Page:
"No, when it leaks, the amounts are low. But as scientists, we provide only the tools to gain this knowledge. It is up to politicians and the industry to decide the limit for leakages," says Gasda.

Richard Tozer

TotalEnergies has sponsored the project for three years. After intense days presenting the results, Tozer says he will need to reflect with his colleagues how to use the FRISK results, but that the models developed in FRISK are important.

"To have these models is great. The models presented suggest that it is feasible and low-risk to store CO2 in reservoirs. Next step should be to peer-review the results. In addition, it would have been good to have some key messages that sum up learnings from these three years," says Tozer.

Geometry of subsurface fault and the fault width variations with depth coloured to illustrate the variation (Bjørnarå et al., in preparation).

Fault flow history should be considered

Characterising and quantifying fault complexity based on seismic interpretation and fault imaging has been the focus of Emma Michie's postdoc research, using fault growth history to identify areas of high risk in terms of CO2 storage.

"The area I have looked at is Smeaheia. Calibrating a model, I have found a potential high-risk zone where the faults have grown together. This provides a potential risk for across-fault fluid flow," says Michie.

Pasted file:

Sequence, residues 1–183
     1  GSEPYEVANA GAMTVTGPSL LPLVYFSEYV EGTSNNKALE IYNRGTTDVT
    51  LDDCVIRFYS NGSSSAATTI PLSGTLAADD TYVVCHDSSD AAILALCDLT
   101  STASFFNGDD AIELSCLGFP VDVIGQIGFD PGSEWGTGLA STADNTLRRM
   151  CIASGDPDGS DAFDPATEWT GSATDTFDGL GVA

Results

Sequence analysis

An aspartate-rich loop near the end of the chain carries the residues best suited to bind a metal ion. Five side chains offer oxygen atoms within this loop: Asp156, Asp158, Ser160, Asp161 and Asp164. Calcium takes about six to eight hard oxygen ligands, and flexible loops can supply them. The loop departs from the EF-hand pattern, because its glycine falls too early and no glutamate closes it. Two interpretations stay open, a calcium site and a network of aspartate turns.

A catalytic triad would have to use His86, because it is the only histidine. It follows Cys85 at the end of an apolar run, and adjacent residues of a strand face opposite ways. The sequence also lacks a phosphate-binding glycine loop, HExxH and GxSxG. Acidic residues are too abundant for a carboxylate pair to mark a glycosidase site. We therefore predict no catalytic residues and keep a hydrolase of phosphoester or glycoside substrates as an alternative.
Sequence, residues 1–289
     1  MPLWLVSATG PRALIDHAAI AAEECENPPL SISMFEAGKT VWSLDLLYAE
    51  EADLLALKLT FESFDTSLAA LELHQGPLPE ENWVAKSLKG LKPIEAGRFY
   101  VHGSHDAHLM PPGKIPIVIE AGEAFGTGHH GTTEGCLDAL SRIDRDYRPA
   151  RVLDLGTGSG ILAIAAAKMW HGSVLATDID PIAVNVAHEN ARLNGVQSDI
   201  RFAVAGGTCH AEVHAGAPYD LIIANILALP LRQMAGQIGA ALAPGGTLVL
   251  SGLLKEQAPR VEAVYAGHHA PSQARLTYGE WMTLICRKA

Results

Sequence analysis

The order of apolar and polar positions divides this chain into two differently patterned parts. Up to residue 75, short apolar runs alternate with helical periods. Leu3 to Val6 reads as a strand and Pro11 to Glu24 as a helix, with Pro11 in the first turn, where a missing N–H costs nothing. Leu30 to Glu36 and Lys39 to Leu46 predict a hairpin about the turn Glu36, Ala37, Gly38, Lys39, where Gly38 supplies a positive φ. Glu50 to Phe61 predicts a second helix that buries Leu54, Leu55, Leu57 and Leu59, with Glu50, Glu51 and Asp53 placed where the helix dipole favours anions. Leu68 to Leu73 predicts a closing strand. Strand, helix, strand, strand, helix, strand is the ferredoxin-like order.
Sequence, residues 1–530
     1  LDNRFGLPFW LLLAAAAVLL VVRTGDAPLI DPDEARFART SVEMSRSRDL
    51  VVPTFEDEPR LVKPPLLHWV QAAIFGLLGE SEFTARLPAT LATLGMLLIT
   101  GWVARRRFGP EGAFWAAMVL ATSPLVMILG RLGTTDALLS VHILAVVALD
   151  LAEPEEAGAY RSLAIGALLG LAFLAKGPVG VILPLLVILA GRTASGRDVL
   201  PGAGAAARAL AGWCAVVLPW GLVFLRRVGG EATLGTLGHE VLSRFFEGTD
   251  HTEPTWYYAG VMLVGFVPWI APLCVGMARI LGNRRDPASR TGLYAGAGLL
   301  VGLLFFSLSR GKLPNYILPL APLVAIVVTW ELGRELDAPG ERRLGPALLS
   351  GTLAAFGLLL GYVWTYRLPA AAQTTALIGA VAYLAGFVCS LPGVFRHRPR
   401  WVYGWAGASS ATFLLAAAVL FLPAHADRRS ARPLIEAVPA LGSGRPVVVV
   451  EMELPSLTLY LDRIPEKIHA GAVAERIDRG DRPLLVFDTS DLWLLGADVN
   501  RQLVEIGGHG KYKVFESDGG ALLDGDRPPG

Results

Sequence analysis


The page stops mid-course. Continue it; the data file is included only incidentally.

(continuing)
Emma Michie

"Do we today consider this potential fault leakage risk by looking at the fault growth history?"

"No, using the standard procedure this risk is currently ignored, which implies that considering the growth history of fault a might unlock new knowledge. Therefore, we must also take into account the growth history when risking faults," Michie says.

Now it is time to digest all the new work and interesting discussions. Next step is to have more of the work published as peer review articles. Tore Bjørnarå at NGI is currently preparing a paper comparing methods for assigning fault permeabilities and calculate vertical flow rates. We also like to have more case studies to test the models and be able to derive useful tool for developing safe CO2 storage.

The FRISK project is supported by Equinor, TotalEnergies, and the NCCS consortium. Research partners are NGI, NORCE, the University of Oslo (UiO), and the University of Bergen (UiB). The project has international collaboration with BEG/University of Texas at Austin, Swisstopo, Heriot-Watt University.




The Norwegian Geotechnical Institute (NGI) is a leading international centre for research and consulting within the geosciences. NGI develops optimum solutions for society, and offers expertise on the behaviour of soil, rock and snow and their interaction with the natural and built environment. NGI works within the markets Offshore energy; Building, construction and transportation; Natural hazards, and Environmental Engineering. NGI is a private foundation with office and laboratory in Oslo, branch office in Trondheim, and daughter companies in Houston, Texas, USA, and Perth, Western Australia. NGI was established in 1953.